For a while now I’ve been planning to start on this little project but didn’t have either time or parts to actually see it through. Finally last week I decided to prioritize it and I can happily say that it turned out to be a very fun and engaging.
So, in short, this is about having access to thousands of free radio stations online and streaming seamlessly to a home audio system. Since this was more of a trial for me, the audio system consisted of in-ceiling speakers for the kitchen.
To start off, I planned where I would place the speakers. Not knowing yet how big they will be, all I could do was more of getting an idea how the kitchen is laid out and where most of the activities will take place. Being a new house, I did not have all the furniture in place yet. Finally I decided on having two speakers, one over the fridge/stove/sink area and
the second closer to the formal dining area. The plan for the setup was to have a device capable of streaming online audio content, speakers and possibly an amplifier in between (depending on whether the speakers had it built-in or not). With that decided, I started shopping for speakers.
I knew from the beginning that I will not use this for party style loud music but mostly ambient music or newscasts so after comparing models, specifications and prices I settled on the Polk TC80i. These are 8-inchers so they do pack a punch but my hopes were that the punch would actually go towards sound quality rather than quantity.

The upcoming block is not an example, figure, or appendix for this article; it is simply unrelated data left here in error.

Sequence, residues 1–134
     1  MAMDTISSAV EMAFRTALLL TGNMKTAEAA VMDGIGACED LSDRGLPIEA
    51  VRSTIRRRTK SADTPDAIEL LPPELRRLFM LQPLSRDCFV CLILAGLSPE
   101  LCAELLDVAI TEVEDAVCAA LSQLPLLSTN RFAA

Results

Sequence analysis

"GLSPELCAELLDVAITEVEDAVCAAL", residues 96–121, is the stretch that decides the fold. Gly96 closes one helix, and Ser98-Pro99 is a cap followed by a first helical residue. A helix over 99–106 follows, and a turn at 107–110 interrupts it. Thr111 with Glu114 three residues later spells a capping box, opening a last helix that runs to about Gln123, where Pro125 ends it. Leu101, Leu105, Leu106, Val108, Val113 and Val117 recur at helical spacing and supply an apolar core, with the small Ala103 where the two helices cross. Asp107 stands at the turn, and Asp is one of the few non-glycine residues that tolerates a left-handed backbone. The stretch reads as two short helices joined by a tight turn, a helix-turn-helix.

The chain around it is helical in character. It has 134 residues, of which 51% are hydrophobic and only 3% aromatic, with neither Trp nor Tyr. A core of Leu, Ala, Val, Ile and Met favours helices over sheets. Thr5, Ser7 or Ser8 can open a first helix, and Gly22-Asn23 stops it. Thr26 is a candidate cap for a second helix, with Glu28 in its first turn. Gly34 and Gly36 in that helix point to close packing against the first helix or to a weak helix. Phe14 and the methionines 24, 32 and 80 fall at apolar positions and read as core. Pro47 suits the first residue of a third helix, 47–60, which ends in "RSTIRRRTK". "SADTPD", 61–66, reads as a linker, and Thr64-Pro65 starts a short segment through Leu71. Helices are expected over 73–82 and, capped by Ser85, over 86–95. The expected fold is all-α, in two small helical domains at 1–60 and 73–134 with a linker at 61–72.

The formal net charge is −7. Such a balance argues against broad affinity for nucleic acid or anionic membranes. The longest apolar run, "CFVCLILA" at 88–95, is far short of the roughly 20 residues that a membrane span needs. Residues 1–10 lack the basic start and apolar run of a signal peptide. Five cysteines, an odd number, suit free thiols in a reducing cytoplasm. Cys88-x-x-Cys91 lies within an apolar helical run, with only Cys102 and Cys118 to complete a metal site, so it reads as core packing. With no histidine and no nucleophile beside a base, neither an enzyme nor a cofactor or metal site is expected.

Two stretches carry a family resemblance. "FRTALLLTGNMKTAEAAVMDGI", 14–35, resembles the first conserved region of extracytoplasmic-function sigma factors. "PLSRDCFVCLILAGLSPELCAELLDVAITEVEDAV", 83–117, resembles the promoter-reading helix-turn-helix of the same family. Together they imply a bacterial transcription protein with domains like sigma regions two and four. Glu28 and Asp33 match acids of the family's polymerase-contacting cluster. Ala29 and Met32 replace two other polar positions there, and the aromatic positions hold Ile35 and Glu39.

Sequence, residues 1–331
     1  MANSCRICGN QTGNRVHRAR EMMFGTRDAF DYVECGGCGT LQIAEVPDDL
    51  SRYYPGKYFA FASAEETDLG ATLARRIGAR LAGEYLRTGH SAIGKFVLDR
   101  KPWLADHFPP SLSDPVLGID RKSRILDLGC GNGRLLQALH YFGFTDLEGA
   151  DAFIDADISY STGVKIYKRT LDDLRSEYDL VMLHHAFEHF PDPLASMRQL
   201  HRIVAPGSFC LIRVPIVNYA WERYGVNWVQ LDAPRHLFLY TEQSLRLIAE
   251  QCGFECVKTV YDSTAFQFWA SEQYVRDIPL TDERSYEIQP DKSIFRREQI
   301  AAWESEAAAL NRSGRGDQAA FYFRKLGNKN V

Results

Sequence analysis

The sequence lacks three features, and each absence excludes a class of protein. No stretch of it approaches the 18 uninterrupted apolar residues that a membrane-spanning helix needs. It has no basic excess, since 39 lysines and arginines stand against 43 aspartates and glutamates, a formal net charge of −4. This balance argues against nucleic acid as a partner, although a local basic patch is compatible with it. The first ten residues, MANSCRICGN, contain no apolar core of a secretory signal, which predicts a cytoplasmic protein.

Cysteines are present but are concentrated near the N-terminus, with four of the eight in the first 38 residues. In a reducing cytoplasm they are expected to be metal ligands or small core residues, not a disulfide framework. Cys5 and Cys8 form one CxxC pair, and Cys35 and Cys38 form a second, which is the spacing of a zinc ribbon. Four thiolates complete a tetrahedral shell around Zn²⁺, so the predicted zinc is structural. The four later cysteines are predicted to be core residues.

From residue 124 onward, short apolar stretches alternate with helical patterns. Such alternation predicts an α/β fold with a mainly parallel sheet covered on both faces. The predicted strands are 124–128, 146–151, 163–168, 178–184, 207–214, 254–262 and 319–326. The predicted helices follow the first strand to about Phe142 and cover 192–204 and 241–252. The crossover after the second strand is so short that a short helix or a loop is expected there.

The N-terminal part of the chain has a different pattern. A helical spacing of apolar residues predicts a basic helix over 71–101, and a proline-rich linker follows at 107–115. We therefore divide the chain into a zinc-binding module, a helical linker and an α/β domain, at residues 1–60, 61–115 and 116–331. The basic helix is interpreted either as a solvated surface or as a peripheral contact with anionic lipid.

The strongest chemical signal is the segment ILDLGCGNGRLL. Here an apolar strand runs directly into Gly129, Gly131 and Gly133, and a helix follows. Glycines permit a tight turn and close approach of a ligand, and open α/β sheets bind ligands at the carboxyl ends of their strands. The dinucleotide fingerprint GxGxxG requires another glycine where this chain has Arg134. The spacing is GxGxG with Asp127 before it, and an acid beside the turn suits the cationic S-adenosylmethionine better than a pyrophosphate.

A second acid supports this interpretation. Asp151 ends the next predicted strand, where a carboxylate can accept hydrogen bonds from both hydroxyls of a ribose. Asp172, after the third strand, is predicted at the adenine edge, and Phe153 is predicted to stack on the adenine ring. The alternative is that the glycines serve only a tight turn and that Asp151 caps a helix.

When they arrived I was again impressed by the Polk packaging and product quality. Very nicely packed with very much attention to protect all scratch-able surfaces. Well done Polk. The speaker specs can be found here in detail.
Another piece of the puzzle that was decided pretty early on, was the streaming device. Being quite familiar with micro-controllers and having tinkered on other projects containing bare-bone PCs and other miniaturized systems, I decided that the Raspberry PI Model B would be a perfect fit for this one. Model A would work too, but in this case I wanted to invest a bit more, in case I will re-purpose the PI in the future. At the time of writing the Model A was retailing for about $20 on Amazon.com whereas Model B was around $45. Still very cheap for a credit card sized computer. While at it, I also got a wireless adapter for it (it does not have wireless capabilities built-in) and a nice clear case for it. The wireless dongle was one of the most popular ones used by the PI community: the Edimax EW-7811Un 150Mbps 11n Wi-Fi USB Adapter.